use for braking! But I felt that using
the handbrake was not logical, since it’s
always better to keep both hands on the
steering wheel. So I developed the left-foot
braking technique on the Saab –
with the additional benefit of exerting
a greater load on the front wheels when
applying the brakes. And for some reason
the other drivers were not that good in
using this technique, not even when I
drove the Mini later.
would you have wanted most on the Mini
Cooper back then?
Bigger wheels! We constantly had tyre
problems. Although the shortest special
trial on the Monte Carlo Rally was only
12 kilometers, all the tyre tread was
gone at the end. So 13-inch-tires would
have been much better, and even 12 inches
would have been enough. But somewhat it
never worked out.
the small wheels also a disadvantage in
No, because we had by far the best tires
back then. We used Finnish winter tires
and the Finnish tyre industry was years
ahead in developing tires with a good
grip. Since there are no high mountains
in Finland, we don’t use snow-chains.
Instead, manufacturers have developed
high-grip tires making us far superior
to the competition. Later we also had
spikes, but they often overheated on dry
roads and started flying off the tires.
you still in touch with your colleagues
from the old days?
Yes, we meet now and then. Maybe once
a year. Paddy Hopkirk is older than me
and he’s not that active any more.
Timo Mäkinen lives in Helsinki, but
he doesn’t know foreign languages
that well, so he prefers to stay in Finland.
you have any amusing experiences with
Sure. Once, after being disqualified in
1966, I came back in December to practice
for the 1967 Monte Carlo Rally. But it’s
really impossible to drive on Sunday,
since there are simply too many ski tourists
on the roads. So I decided to go skiing
instead. And since there was no parking
space available, I parked the Mini Cooper
right in the middle of the market square.
It was the only car in the entire area.
Within a matter of seconds a French policemen
came running up to me, asking what I was
doing there with my car. He demanded to
see my driver’s licence –
but when he read my name, he said: “Oh,
Mr. Aaltonen, you can do anything you
like!” Then he even apologised for
the organisers of the Rally, saying that
they shouldn’t have disqualified
us! Now, looking back in hindsight, it’s
fair to say that this disqualification
gave the Mini huge popularity and really
made us famous. Maybe more so than even
the best racing win.
you know how many rallies you raced in
No, I really have no idea. But in the
’60s I drove Mini Cooper most of
the time. And that was when I scored more
overall wins than any other rally driver
in the world – nearly all of them
in a Mini Cooper.
did you drive the “classic”
Mini the last time?
For the works team in 1968. But in the
mid-80s I raced a private Mini Cooper
in a circuit event.
how did it go?
I won. Because the race track was really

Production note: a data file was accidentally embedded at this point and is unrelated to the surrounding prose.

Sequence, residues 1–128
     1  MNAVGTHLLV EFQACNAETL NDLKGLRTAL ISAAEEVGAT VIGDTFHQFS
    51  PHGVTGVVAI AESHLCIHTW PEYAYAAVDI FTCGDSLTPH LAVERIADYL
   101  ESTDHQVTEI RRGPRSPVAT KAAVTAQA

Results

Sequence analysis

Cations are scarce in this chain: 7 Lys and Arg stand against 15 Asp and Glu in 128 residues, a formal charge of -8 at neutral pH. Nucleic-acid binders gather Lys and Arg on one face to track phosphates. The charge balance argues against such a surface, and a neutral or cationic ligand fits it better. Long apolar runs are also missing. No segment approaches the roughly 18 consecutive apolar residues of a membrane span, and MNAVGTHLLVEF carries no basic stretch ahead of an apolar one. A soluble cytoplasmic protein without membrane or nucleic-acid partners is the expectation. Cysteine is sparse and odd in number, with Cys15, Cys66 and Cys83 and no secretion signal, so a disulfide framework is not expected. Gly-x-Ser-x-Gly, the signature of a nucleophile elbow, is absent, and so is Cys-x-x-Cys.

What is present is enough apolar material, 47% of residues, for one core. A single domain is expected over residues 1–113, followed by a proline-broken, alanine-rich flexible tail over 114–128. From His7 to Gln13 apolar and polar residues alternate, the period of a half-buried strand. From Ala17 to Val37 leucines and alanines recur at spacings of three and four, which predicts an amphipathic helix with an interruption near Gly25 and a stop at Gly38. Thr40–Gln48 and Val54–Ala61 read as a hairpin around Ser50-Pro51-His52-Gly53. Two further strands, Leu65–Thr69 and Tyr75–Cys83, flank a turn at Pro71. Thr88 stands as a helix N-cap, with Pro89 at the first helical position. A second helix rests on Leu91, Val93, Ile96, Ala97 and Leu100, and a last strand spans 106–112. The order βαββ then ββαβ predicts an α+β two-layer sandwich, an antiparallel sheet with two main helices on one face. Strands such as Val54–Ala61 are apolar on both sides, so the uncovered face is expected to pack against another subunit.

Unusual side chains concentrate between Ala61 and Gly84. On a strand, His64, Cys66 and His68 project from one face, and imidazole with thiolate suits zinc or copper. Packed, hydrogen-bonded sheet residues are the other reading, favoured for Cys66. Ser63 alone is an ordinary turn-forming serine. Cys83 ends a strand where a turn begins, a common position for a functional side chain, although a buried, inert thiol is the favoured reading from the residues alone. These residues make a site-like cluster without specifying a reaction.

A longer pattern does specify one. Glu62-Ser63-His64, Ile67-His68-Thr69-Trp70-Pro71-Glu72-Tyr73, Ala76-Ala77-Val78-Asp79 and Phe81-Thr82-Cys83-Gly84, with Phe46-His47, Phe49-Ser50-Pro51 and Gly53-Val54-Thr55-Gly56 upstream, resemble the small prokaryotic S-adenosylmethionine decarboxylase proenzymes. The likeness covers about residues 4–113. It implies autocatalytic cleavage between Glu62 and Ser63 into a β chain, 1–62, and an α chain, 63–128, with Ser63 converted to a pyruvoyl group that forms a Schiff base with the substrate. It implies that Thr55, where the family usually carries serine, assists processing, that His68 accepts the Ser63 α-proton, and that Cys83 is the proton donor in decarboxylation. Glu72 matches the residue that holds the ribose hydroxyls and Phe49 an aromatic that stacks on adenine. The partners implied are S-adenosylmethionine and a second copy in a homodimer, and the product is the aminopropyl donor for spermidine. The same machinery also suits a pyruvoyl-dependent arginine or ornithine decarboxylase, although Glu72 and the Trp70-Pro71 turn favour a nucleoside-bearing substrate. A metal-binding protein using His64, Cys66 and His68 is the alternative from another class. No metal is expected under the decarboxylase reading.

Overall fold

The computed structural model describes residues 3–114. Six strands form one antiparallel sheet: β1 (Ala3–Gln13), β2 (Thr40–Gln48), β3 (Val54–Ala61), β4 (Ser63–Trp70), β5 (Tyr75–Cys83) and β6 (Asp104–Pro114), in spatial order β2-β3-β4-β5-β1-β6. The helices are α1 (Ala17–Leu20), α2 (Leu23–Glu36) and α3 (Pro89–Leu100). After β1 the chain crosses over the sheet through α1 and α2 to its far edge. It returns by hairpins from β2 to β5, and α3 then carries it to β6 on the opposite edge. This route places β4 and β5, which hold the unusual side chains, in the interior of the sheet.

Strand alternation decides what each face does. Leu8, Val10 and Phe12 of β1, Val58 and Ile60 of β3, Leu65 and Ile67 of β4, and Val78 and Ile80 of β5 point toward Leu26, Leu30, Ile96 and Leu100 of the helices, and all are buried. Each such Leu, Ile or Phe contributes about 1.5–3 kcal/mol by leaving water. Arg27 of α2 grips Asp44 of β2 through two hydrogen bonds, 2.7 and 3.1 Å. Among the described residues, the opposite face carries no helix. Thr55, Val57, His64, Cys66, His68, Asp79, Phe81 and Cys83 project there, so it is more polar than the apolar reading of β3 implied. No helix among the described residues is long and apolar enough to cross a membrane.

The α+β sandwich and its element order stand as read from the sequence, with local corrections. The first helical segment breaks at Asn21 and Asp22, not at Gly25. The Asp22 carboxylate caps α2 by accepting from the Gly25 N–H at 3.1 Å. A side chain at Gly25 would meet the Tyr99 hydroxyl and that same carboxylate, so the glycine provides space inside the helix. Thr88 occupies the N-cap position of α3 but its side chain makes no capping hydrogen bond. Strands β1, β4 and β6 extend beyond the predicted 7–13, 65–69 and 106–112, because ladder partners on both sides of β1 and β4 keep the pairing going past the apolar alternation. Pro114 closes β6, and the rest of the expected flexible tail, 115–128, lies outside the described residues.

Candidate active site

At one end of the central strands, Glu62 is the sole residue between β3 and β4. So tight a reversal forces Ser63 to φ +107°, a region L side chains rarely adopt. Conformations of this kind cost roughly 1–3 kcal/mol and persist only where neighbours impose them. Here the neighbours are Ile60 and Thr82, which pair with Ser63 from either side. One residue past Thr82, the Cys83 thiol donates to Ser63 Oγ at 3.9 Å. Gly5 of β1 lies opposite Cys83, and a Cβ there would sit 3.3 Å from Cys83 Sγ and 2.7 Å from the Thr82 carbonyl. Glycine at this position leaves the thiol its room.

very tight with lots of corners.
do you like the new MINI?
It’s great! The designers have really
succeeded in capturing the spirit of the
Mini. The car is really unique, much more
outstanding and convincing than all those
so-called retro models. And the driving
feeling is also the same: Both generations
of the Mini or MINI stand out from all
other cars in exactly the same way. They
are extremely agile and follow the steering
immediately. Let me give you a comparision:
Back then the Mini was a Princess, really
beautiful and full of style. Today the
Princess has grown up and the new MINI
has become a Queen.
Timo and Paddy were reunited recently
in Monte Carlo and got to drive around
the roads they know so well...
was reported on by the Telegraph:
Mini or new MINI?
Brian Laban decides, on
the Col de Turini
Aaltonen, Timo Mäkinen and
Hopkirk reunited recently in Monte
road sign says "16 Lacets".
That's 16 hairpins in succession, some
of them almost too steep to walk up or
down, joined by short, narrow sections
of never-quite-straight, never-quite-smooth
asphalt, almost all with sheer rock faces
on one side and vertical drops into oblivion
on the other. Not to mention black ice,
packed snow or the odd rock-fall around
each blind approach.
Four decades have passed since the original
Mini Cooper S first won the Monte Carlo
Rally with a series of giant-killing performances
on these very roads, and most things change
a lot in 40 years. But whether you spell
Mini with lower case letters as in 1964,
or MINI all in capitals, as they do now
it belongs to BMW, the Col de Turini (of
which the 16 consecutive hairpins are
a tiny part) is as thought-provoking as
back the clock, to the beginning of 1964,
when the Monte was one of the blue-chip
headline grabbers of the motorsport calendar.
Right up there, in its heyday, with any
grand prix, or Indianapolis, or Le Mans
- and arguably more glamorous than any
of them, thanks to the magical setting
in fairytale Monte Carlo. Back then, in
deep mid-winter, several hundred crews
in the wildest variety of cars - some
professionally prepared, others with not
much more than a few maps and a warm flask
of coffee - set off from points all around